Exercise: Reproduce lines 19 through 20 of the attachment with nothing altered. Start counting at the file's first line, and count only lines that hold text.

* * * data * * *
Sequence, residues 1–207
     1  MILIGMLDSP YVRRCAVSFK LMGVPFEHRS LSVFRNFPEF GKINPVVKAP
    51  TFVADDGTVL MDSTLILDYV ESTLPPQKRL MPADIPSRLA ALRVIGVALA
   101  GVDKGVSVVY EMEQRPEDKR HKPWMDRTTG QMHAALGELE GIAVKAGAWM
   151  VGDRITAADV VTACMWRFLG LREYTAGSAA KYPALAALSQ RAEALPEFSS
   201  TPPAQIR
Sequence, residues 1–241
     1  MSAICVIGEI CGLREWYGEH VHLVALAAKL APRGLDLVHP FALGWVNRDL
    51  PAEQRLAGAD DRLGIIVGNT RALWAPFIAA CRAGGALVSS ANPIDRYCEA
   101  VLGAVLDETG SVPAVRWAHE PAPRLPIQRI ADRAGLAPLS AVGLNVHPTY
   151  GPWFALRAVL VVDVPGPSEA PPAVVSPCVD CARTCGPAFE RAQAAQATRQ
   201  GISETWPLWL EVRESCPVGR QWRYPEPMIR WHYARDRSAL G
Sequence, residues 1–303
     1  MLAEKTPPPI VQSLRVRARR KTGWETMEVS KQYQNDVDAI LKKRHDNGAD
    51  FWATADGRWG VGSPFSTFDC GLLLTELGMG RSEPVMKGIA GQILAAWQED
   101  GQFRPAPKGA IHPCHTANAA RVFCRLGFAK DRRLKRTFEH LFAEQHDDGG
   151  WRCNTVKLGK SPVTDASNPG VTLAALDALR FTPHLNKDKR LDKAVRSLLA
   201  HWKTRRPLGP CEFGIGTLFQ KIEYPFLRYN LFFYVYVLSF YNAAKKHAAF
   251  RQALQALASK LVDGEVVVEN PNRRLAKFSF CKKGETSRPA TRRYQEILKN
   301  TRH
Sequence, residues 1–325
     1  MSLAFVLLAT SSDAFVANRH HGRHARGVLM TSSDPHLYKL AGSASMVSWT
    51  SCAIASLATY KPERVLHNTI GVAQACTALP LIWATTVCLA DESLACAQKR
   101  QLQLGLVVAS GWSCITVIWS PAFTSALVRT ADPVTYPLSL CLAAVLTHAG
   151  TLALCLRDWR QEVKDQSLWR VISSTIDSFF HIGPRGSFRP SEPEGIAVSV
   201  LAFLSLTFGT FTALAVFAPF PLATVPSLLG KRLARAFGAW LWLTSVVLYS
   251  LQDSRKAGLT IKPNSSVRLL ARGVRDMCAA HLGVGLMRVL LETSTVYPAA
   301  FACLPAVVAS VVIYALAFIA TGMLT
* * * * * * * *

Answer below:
   251  RQALQALASK LVDGEVVVEN PNRRLAKFSF CKKGETSRPA TRRYQEILKN
   301  TRH